My dissertation was focused on women and looking at, particularly those women in some cases that weren't in the spotlight, but who were [making changes while] living their lives within the spaces that the culture and society readily gave to them. Looking back we would say that wasn't much of a life, but they still made something very lasting. And I think, because we tend to look at the past from our own perspective we miss the great things that they did. So that's what I did for my dissertation and am doing now: I am looking at historic Germantown, which has a very clear storytelling tradition centered on these very wealthy European immigrants who you could say tried to tame the land and tame the people. It fits right into what I do. There's a lot of the story and about people that we're not telling, and their voices should be heard. I never called it decolonization, I just called it history, which is funny.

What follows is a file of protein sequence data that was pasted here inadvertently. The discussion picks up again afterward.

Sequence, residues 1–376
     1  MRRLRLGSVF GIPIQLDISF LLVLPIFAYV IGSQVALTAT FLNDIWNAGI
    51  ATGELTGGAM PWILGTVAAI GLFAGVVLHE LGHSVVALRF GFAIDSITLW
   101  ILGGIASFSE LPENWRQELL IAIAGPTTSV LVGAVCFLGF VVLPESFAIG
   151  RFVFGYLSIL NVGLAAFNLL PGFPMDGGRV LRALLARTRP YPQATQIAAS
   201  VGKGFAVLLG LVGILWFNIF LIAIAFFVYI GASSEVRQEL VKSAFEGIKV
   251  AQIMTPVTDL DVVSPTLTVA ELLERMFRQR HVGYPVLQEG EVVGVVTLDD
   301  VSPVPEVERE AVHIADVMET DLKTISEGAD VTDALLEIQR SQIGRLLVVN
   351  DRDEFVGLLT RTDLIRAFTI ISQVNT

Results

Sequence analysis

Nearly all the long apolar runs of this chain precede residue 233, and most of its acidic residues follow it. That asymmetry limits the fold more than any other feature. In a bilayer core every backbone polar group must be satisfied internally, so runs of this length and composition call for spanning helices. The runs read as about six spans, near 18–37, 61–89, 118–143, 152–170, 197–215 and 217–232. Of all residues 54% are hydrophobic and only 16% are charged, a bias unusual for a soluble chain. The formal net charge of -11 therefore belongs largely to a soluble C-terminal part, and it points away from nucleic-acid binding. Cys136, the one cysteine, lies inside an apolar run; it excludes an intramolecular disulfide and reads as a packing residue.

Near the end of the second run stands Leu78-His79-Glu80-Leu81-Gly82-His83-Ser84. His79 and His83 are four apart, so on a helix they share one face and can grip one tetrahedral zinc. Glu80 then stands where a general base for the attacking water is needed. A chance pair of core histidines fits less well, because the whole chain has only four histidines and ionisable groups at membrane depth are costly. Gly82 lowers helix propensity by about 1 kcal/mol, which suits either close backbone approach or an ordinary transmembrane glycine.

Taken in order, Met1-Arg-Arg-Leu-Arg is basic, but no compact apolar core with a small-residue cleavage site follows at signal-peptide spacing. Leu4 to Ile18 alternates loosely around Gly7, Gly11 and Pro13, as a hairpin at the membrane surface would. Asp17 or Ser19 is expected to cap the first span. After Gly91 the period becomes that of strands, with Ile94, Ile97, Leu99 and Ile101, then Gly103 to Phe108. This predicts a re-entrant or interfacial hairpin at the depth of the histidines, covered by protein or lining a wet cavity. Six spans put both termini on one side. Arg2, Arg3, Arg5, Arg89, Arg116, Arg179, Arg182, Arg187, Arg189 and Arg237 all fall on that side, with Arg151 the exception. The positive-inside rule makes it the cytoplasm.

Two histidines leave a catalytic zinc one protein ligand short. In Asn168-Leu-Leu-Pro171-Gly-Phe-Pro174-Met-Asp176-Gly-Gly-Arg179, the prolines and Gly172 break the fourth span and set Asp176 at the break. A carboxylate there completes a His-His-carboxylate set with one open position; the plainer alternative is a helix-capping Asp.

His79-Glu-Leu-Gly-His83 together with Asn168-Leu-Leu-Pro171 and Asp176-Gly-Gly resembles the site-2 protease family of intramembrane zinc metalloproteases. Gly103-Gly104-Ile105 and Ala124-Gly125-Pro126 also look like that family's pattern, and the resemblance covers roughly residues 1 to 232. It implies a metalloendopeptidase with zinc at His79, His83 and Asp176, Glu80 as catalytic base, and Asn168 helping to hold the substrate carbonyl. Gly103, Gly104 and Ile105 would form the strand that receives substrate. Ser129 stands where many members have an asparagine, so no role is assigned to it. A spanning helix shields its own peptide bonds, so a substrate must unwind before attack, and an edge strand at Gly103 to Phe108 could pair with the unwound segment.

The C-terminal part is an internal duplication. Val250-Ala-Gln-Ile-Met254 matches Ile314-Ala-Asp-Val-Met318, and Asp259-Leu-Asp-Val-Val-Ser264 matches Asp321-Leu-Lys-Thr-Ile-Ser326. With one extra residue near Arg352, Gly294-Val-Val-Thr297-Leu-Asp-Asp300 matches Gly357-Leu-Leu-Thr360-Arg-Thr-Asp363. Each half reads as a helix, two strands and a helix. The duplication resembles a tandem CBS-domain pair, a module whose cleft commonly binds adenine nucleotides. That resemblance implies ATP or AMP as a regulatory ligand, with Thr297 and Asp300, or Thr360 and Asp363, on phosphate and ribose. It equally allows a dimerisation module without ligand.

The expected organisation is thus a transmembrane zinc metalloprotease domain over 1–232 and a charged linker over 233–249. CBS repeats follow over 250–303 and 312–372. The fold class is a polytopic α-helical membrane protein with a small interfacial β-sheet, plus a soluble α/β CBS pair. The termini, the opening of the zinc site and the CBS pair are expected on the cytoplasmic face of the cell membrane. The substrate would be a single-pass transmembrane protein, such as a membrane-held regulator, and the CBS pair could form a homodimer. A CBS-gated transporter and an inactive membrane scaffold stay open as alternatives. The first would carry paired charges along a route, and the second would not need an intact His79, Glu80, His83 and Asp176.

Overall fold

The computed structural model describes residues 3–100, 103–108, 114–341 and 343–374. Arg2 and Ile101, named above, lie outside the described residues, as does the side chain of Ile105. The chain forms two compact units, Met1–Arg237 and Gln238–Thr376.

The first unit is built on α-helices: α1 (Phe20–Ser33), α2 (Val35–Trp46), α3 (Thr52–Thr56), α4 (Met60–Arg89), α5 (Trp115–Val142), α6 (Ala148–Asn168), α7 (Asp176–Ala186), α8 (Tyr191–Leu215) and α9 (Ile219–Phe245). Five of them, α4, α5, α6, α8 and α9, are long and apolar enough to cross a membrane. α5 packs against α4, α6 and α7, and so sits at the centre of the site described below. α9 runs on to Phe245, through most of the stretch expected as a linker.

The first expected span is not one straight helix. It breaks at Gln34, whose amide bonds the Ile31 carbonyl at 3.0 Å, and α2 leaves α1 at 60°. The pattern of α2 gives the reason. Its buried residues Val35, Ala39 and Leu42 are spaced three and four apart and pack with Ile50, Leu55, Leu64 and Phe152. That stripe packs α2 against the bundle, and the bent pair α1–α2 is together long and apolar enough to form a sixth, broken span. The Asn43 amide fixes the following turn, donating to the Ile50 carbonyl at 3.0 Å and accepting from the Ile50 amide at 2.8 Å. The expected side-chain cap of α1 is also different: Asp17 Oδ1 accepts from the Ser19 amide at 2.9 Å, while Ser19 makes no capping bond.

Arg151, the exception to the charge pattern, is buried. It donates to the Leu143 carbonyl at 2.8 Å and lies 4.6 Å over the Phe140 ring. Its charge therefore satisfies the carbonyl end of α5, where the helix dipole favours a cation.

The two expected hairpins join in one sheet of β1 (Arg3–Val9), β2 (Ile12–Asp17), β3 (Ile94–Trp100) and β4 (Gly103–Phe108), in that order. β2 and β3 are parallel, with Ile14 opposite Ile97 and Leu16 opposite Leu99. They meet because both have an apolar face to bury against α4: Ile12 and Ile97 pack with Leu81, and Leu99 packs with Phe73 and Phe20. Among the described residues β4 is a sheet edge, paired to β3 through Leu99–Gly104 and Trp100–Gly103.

I just find those stories more fascinating. I've been using the Souvenir of Germantown document a lot lately, investigating the places that are better identified in there and trying to find more of the stories of the buildings, people, and the culture that they pushed forward. It's been exciting.

Young Black students pose for a group photo on the steps of a brick building
Page 19: “Members of the cast of ‘Sleeping Beauty’, produced during 1913 by the Germantown Education Association which was organized in 1910 purposely to encourage co-operation among our High and Other School Graduates”.
J. Gordon Baugh Jr., A Souvenir of Germantown Issued during the Fiftieth Anniversary of the